What 'frustrates' Wayne Smith the most and the law he would change
Blacks Ferns director of rugby Wayne Smith has revealed what he describes as the part of the game that leaves him most frustrated. The former All Blacks boss and 2011 World Cup-winning assistant is preparing his women’s team for the World Cup they are hosting from next week in New Zealand.
The tournament kicks off on October 8 with a mouth-watering triple bill at Eden Park featuring South Africa versus France and Fiji against England before Smith’s Black Ferns host Australia in the third match of the opening day.
Following a stellar playing and coaching career in the men’s game, Smith fell into the women’s World Cup scene by chance, casually telling NZR CEO Mark Robinson over a coffee last January that if the Black Ferns coaches needed a hand he would be happy to do it.
By mid-March, the existing coaches said they would be happy to have Smith in but before he arrived, John Haggart resigned and a high-performance review didn’t give Glenn Moore the space to continue. This messy situation resulted in Smith quickly being announced as director of rugby of a team he now describes as a goldmine consisting of lawyers, teachers, students and so on.
Interviewed by ex-England player Giselle Mather in the Rugby World preview magazine ahead of the World Cup in New Zealand, Black Ferns boss Smith was asked if he could change one law what would he do? His answer was enlightening. “I’d change a lot of them,” he said.
“The first one would be to take out scrum resets. I reckon you should have one chance. I’ve coached with Mike Cron for decades and when we started in the early 2000s, he wouldn’t let any scrums go down in training. Every time a scrum went down, they had to do a ten-metre army crawl. Scrums stopped going down! That’s the most frustrating part of the game for me. Then teams use it to their advantage to scrum for a penalty, then they kick it to touch, drive, get a penalty, kick to the corner and drive for a try.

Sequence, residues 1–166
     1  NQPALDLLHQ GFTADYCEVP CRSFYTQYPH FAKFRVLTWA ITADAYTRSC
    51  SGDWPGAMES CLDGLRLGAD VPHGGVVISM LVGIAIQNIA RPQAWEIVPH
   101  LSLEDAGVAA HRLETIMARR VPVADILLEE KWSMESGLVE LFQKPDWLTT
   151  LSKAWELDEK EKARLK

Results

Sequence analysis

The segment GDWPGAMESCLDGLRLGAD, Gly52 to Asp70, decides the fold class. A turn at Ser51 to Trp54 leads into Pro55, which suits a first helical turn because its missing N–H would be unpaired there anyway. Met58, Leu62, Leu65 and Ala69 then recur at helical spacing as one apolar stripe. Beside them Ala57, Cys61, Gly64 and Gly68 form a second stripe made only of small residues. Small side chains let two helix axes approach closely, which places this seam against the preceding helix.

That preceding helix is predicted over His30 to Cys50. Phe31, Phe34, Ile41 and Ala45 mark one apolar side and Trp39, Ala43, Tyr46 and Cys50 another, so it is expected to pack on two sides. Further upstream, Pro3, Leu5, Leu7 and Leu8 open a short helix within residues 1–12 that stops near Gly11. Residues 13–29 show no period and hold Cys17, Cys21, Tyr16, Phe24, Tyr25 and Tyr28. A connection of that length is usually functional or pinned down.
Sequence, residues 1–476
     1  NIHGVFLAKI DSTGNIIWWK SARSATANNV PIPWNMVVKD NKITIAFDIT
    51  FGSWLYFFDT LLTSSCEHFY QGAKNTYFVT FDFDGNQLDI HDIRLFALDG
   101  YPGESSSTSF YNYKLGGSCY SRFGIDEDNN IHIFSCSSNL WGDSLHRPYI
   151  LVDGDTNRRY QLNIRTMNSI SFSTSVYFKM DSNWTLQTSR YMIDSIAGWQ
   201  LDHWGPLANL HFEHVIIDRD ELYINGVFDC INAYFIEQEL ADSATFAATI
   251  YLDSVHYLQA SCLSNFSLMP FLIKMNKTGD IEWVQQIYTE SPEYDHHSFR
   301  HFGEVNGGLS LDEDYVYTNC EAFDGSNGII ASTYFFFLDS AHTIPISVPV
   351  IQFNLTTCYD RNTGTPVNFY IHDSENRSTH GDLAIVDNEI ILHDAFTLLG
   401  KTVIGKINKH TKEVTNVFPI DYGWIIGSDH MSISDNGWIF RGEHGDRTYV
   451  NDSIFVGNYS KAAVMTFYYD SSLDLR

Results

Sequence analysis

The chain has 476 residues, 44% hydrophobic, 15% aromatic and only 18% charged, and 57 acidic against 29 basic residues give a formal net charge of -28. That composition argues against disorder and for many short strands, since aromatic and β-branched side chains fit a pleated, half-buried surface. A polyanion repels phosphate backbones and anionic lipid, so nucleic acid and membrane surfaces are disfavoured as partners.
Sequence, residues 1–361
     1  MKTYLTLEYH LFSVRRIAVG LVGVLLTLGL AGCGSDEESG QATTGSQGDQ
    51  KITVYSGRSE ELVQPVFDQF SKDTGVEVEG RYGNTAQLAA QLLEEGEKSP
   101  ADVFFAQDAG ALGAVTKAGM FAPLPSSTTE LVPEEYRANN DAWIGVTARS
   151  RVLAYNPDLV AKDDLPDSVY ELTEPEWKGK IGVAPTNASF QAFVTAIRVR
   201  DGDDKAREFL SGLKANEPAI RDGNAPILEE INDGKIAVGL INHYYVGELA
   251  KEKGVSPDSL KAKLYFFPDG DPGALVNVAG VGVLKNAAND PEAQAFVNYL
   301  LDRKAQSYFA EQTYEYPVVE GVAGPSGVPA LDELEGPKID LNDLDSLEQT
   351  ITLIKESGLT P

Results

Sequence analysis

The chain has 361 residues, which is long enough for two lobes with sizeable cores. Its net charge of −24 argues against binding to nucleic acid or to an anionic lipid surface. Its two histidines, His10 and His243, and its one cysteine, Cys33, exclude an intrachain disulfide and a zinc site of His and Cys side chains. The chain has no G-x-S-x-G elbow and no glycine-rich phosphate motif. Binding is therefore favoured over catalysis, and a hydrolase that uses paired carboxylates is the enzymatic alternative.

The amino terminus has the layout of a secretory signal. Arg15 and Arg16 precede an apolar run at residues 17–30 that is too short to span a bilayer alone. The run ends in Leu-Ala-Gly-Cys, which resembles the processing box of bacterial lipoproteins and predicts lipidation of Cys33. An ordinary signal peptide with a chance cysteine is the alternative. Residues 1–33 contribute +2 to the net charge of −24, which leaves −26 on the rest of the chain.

“It’s so frustrating. They could do two things. Either make you play off a free-kick, so you can’t kick for goal, so you’d see some innovations around tap kicks which would be great. Or, because the game is about grouping and spreading, if you want to group them and have a scrum, then it’s a golden oldie where you have got to win the ball.
“The height of the tackle is heading there but tackling under the ball and as low as possible is key,” Smith continued. “What that would do in my mind is allow you to keep the ball alive more often. You’re tackling low, so it would make you work harder on support play and create fewer rucks, which are danger areas. It would reduce the number of rucks and increase spectator enjoyment which doesn’t seem to be a factor at the moment.”
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